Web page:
Science and Golf II: Proceedings of the 1994 World Scientific Congress of Golf

By A. J. Cochran; M. R. Farrally | Go to book overview

80

Course design with precision and control

R.A. Ryder

Ryder Golf Services, Hampshire, UK

Abstract

This paper describes how computer aided design (CAD) can be and has been of benefit to golf course architects.

With “natural” golfing sites becoming very rare the golf course architect has increasingly to compromise because of difficult terrain, conflicting local interests and budgetary constraints. Traditional design skills need to be supported by modern techniques which enhance precision and control.

CAD enables the existing site and the proposed golfing landforms to be accurately modelled and analysed. Computer generated course, golf hole or feature prototypes may be evaluated for environmental impact, golfing quality and cost and if necessary modified before commitment to major development and construction costs.

The paper identifies the scope for CAD in course design, describes the basic techniques involved and gives recent case studies. In conclusion the cost effectiveness of using CAD in golf course design is reviewed.

Keywords: CAD, Course Design, Computer Aided Design, Digital Ground Modelling, Digital Terrain Modelling, DGM, DTM.


1 Introduction

Designing courses to challenge and stimulate all types of golfer requires imagination. Indeed, for natural golfing terrain of the links and heathland variety imagination may be said to be the overiding requirement, as visible human intervention should be kept to a minimum. However, sites on ideal terrain are increasingly rare and of more significance than a natural suitability for golf will almost certainly be proximity to centres of population, major transportation routes, or holiday resorts.

Although imaginative design can transform a less than sympathetic site, if the proposals involve major site alterations development costs can escalate. Extensive earthmoving may be envisaged to make steep or rocky hillsides playable, a featureless locality challenging, or to provide storage lakes for irrigation. Compliance with environmental and land use planning conditions and integration with the local infrastructure may present complex problems. In such cases the golf course architect can benefit from the precision and control available via computer aided design (CAD), whereby alternative solutions may be evaluated quickly in terms of form, function and cost prior to final commitment to major development and construction expenditures.

Science and Golf II: Proceedings of the World Scientific Congress of Golf. Edited by A.J. Cochran and M.R. Farrally. Published in 1994 by E & FN Spon, London. ISBN 0 419 18790 1

-534-

Notes for this page

Add a new note
If you are trying to select text to create highlights or citations, remember that you must now click or tap on the first word, and then click or tap on the last word.
One moment ...
Default project is now your active project.
Project items
Notes
Cite this page

Cited page

Style
Citations are available only to our active members.
Buy instant access to cite pages or passages in MLA 8, MLA 7, APA and Chicago citation styles.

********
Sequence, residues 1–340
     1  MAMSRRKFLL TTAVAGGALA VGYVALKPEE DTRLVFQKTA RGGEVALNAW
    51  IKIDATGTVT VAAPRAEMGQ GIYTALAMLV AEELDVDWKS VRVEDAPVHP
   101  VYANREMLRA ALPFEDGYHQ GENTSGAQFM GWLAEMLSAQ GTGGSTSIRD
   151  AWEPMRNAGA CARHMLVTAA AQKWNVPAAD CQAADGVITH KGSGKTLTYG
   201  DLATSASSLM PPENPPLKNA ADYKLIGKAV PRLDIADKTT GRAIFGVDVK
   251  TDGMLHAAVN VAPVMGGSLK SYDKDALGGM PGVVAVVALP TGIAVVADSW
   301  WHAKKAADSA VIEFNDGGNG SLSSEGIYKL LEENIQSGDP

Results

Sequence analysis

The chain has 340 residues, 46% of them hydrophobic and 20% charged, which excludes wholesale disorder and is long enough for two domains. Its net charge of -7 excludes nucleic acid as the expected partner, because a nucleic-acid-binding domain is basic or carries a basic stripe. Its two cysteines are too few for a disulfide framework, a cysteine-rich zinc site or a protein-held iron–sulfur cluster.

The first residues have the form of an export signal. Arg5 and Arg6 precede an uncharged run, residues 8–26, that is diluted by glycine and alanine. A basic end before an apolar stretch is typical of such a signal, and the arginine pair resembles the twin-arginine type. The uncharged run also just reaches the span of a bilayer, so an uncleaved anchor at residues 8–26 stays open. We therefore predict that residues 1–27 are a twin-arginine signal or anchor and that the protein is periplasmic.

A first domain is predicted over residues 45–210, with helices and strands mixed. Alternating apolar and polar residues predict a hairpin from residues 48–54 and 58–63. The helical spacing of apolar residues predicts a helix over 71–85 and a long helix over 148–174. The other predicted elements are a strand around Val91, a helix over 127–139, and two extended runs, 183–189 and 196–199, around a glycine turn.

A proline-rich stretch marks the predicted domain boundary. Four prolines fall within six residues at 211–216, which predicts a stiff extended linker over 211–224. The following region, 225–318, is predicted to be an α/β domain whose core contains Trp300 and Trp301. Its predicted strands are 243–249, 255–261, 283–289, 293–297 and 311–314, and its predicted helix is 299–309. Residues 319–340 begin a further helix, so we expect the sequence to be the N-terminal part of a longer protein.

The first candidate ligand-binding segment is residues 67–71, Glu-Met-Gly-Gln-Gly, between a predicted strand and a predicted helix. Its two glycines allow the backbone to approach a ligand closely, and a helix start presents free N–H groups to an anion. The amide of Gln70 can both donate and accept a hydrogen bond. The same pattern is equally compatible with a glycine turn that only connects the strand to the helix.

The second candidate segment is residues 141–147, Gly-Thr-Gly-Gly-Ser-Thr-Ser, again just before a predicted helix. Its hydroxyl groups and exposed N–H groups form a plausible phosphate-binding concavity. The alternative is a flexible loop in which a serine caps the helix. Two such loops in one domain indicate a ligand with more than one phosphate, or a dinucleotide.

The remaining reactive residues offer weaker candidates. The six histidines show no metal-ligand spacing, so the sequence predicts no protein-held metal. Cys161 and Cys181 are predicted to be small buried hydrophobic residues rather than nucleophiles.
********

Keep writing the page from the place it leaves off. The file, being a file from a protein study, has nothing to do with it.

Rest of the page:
(Einhorn, 1992, p. 25)

(Einhorn 25)

(Einhorn 25)

1. Lois J. Einhorn, Abraham Lincoln, the Orator: Penetrating the Lincoln Legend (Westport, CT: Greenwood Press, 1992), 25, http://www.questia.com/read/27419298.

Note: primary sources have slightly different requirements for citation. Please see these guidelines for more information.

Cited page

Bookmark this page
Science and Golf II: Proceedings of the 1994 World Scientific Congress of Golf
Table of contents

Table of contents

Settings

Settings

Typeface
Text size Smaller Larger Reset View mode
Search within

Search within this book

Look up

Look up a word

  • Dictionary
  • Thesaurus
Please submit a word or phrase above.
Print this page

Print this page

Why can't I print more than one page at a time?

Help
Full screen
Items saved from this book
  • Bookmarks
  • Highlights & Notes
  • Citations
/ 643

matching results for page

    Questia reader help

    How to highlight and cite specific passages

    1. Click or tap the first word you want to select.
    2. Click or tap the last word you want to select, and you’ll see everything in between get selected.
    3. You’ll then get a menu of options like creating a highlight or a citation from that passage of text.

    OK, got it!

    Cited passage

    Style
    Citations are available only to our active members.
    Buy instant access to cite pages or passages in MLA 8, MLA 7, APA and Chicago citation styles.

    "Portraying himself as an honest, ordinary person helped Lincoln identify with his audiences." (Einhorn, 1992, p. 25).

    "Portraying himself as an honest, ordinary person helped Lincoln identify with his audiences." (Einhorn 25)

    "Portraying himself as an honest, ordinary person helped Lincoln identify with his audiences." (Einhorn 25)

    "Portraying himself as an honest, ordinary person helped Lincoln identify with his audiences."1

    1. Lois J. Einhorn, Abraham Lincoln, the Orator: Penetrating the Lincoln Legend (Westport, CT: Greenwood Press, 1992), 25, http://www.questia.com/read/27419298.

    Cited passage

    Thanks for trying Questia!

    Please continue trying out our research tools, but please note, full functionality is available only to our active members.

    Your work will be lost once you leave this Web page.

    Buy instant access to save your work.

    Already a member? Log in now.

    Search by... Author
    Show... All Results Primary Sources Peer-reviewed

    Oops!

    An unknown error has occurred. Please click the button below to reload the page. If the problem persists, please try again in a little while.